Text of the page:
of the Wild World Tour: The United States of America, part 3
John Tyrrell is one half of nouveau breaksmiths Kings of the Wild Frontier. In November 1999 he set out on a world tour and this is his neo-Kerouac on the road diary, a kind of continuation of the Kings' "Trans Am" ep which journeyed across the U.S.A from East to West appropriating local musical styles as it went.
Thursday, November 2nd, 2000
New Orleans - Louisiana
Exhausted from our road trip we flew over to Louisiana and got a bus to Hotel La Salle on the edge of the French Quarter in New Orleans. Time for some R'n'R. In no time we were strolling down Bourbon Street, plastic cup of beer in hand, checking out the live music scene and gawping at the wierd stuff in the voodoo shops. Found Lafitte's Blacksmith's Shop, a funky little ramshackle piano bar that Anna had recommended. There we were treated to a fine performance by their resident piano player, a husky voiced dude called Johnny who looked like a Blues Brother in his black trilby and shades. We sat around his old Joanna next to an incredible array of lookalike tourists. There was a Robbie Williams wannabe, a Barry Manilow lookalike and a tour guide who was a dead ringer for Frank Sinatra. Johnny serenaded us with renditions of everything and anything from Fats Domino's 'Walkin to N'walins' to our favourite sing-a-long song 'Can't Take My Eyes Off You'. Pure magic...(Jo)
The guy was like an easy listening Van Morrison. I thought I'd tax him by requesting Herb Alpert's 'This Guy's in Love With You'. He didn't know it too well but he dug the sheet music out of his crate and had a good crack. Everyone got lashed. The Barry Manilow lookalike turned out to be a pro karaoke singer himself, so he serenaded us with a couple of tunes. He and his wife invited us to stay in their Noo Joisey home. But after his missus grabbed the mike and began singing 'Old Macdonald had a farm' we thought we'd give it a miss. (John)
Memphis - Tennessee
Decided to take the Greyhound up to Memphis for a couple of days. It was cheaper than hiring a car. We nearly missed the damn bus as they didn't announce that it was boarding, they just expected you to know by some telepathic miracle which gate it was leaving from. We had no provisions for the 9 hour trip so I approached the bus driver (who looked like one of Eddie Murphy's 'old guy' character's from 'Coming To America') and asked him a question in my poshest Yorkshire accent; "Excuse me, are there going to be any refreshments served on board?" I thought maybe they'd at least have cans of coke and crisps etc, like you get on the National Express buses back home on long trips. Anyway he looked at me like I was completely mad and said, "Refreshments? Maam, this here's the lowest form of transport in America. Sure, we got beer and wine and cakes, we'll throw a party!" Sarcastic old sod. The journey was hellish...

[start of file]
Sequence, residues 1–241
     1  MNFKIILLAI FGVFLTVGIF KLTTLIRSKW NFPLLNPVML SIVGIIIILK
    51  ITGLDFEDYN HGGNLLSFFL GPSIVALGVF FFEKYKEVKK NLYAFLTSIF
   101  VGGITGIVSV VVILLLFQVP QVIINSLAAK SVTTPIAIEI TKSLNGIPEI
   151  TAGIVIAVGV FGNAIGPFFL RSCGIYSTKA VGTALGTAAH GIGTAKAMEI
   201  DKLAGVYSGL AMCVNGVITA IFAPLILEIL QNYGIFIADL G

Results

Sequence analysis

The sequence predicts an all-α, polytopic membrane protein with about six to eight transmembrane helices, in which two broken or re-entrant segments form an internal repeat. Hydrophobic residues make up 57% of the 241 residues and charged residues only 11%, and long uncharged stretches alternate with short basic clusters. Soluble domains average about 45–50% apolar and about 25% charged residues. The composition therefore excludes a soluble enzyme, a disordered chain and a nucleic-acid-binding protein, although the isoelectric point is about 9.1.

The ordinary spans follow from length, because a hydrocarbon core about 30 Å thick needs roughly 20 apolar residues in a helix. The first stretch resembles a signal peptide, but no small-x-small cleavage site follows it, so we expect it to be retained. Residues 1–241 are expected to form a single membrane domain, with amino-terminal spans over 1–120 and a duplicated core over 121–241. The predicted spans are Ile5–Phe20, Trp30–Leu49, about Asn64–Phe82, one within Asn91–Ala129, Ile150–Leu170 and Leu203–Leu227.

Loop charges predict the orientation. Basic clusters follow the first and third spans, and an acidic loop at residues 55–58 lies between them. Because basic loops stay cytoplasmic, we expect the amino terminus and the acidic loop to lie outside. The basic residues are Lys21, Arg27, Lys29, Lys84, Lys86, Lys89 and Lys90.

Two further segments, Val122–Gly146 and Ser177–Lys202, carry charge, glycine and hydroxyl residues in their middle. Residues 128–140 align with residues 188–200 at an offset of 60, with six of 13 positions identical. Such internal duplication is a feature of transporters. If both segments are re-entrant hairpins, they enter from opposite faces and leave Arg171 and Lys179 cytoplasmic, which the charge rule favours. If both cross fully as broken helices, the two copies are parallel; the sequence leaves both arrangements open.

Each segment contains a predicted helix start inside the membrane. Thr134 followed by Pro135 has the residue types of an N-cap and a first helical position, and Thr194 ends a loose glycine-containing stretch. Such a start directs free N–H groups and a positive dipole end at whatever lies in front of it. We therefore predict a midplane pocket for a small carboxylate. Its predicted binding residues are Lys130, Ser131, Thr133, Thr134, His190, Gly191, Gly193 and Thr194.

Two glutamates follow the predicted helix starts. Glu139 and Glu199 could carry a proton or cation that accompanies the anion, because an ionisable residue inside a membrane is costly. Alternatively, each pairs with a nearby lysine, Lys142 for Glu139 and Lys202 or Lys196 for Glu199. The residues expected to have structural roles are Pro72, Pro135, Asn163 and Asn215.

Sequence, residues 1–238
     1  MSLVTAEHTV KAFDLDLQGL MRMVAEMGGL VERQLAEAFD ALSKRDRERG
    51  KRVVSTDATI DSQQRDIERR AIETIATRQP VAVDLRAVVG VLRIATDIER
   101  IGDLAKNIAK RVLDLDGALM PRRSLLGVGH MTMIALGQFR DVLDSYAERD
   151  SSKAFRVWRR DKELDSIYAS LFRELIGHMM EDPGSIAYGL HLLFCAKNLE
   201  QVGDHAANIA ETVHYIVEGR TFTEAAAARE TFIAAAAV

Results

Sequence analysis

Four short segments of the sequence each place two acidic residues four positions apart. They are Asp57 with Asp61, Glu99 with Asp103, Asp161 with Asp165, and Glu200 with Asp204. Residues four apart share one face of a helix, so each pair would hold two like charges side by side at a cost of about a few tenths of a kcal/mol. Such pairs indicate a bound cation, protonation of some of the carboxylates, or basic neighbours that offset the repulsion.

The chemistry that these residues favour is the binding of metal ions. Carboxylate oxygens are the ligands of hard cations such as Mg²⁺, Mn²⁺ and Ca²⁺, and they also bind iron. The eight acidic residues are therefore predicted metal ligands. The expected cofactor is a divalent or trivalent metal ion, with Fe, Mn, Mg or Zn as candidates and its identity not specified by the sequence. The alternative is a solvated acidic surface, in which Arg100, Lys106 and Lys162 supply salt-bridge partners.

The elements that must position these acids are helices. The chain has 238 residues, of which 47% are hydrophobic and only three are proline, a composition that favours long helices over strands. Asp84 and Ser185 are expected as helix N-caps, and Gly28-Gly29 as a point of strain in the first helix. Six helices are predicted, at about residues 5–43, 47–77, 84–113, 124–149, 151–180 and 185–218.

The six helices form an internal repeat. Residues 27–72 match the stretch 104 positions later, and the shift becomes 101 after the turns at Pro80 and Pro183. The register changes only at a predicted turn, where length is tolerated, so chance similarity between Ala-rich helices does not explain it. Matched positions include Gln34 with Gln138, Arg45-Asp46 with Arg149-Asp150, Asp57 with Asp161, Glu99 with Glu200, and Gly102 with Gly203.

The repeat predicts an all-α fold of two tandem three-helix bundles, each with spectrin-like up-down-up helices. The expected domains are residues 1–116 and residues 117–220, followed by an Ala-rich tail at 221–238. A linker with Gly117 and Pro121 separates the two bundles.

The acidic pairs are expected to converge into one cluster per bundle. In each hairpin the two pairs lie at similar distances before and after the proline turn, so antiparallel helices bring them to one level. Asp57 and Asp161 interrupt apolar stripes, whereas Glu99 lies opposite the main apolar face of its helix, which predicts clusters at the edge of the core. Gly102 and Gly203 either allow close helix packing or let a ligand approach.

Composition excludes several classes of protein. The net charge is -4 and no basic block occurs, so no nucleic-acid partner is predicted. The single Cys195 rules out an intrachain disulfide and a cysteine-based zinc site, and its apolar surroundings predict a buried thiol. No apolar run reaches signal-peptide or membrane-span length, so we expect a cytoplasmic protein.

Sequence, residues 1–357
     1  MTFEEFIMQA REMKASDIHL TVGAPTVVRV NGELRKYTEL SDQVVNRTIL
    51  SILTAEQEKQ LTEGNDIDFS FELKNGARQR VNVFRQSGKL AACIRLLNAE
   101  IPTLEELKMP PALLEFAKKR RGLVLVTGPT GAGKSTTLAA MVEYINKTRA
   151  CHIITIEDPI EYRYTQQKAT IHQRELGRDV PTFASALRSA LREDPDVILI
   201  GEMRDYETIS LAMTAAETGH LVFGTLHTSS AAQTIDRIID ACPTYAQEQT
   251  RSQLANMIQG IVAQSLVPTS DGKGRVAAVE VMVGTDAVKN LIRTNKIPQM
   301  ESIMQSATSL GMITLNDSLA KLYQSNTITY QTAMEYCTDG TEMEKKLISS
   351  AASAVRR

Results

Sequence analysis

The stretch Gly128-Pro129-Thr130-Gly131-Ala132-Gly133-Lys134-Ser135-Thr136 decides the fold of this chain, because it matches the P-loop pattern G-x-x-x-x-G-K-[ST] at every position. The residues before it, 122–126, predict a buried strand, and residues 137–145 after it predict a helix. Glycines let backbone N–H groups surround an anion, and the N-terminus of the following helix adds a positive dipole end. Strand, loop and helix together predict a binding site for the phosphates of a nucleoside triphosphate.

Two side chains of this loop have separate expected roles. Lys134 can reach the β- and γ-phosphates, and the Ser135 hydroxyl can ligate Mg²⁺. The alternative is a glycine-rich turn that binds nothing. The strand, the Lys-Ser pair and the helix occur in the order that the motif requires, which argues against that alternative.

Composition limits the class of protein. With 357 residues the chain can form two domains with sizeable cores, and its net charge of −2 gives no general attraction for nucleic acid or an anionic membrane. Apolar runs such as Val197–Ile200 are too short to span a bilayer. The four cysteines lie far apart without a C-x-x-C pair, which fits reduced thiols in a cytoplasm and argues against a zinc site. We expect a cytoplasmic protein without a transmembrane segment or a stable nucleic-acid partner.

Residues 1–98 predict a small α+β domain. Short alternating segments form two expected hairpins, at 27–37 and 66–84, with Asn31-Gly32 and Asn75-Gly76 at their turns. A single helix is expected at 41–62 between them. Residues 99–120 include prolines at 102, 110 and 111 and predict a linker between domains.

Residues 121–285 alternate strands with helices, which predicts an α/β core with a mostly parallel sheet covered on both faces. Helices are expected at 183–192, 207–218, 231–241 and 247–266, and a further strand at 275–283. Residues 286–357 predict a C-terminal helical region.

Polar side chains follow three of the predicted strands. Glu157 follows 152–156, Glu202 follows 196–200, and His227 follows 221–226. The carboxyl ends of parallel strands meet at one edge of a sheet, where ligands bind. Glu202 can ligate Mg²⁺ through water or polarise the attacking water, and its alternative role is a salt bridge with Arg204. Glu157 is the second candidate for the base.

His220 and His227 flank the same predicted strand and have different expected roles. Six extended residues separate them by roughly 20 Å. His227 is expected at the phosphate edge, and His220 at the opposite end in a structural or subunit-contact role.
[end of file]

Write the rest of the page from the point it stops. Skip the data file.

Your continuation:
Eventually we found ourselves in Memphis and after another rather long bus ride out to Elvis Presley Boulevard we were elated to finally check in to our motel. It had a guitar shaped swimming pool. What more do you need? We befriended another British couple staying there and later that night we got a taxi together to Beale st where all the bars and blues revues are. After a hearty meal of southern cookin' - spicy catfish and the like - we stumbled into an Irish piano bar where we got the surprise of our lives...(Jo)
Who should walk towards us open armed but my fellow King of the Wild Frontier, Malcolm. Of all the bars in all the world... Incredible. We knew he was in the States seeing his new belle Gretchen for a few weeks, but we weren't expecting to see him til we got to Florida. Pure chance had brought him and his gal to Memphis and to Silky O'Sullivan's on Beale Street at exactly the time we were there. Lots of hugs and beer followed.
Next day the four of us went to Graceland together and did our audio tour round the king's gaff. Jo expected the place to be in the middle of a bit of countryside with a huge estate round it, but as it goes it was right on the main road and the house is only a hundred or so yards back. Hope he had double glazing fitted. Checked it all out - house, trophy room, car museum, his private jet 'Lisa Marie' etc. We stood with all the sombre folk around his grave for a minute, but couldn't really muster the earnest expressions required so moved on. I liked some of his cars the best. His first nice car which he'd wanted for ages burnt down in the street the first night he had it. He made up for that with some real beauts mind. (John)
Didn't get to see the King's bedroom or bathroom. We joked about asking to use the toilet, but as Elvis died on the throne I guess that would have been rather insensitive. But we saw the kitchen where he pigged out on fried banana and peanut butter sandwiches. And we saw his record collection and the Jungle room which was supposed to be decked out to look like a Hawaiian Paradise (not sure that the green shag pile on the ceiling had quite the desired effect!)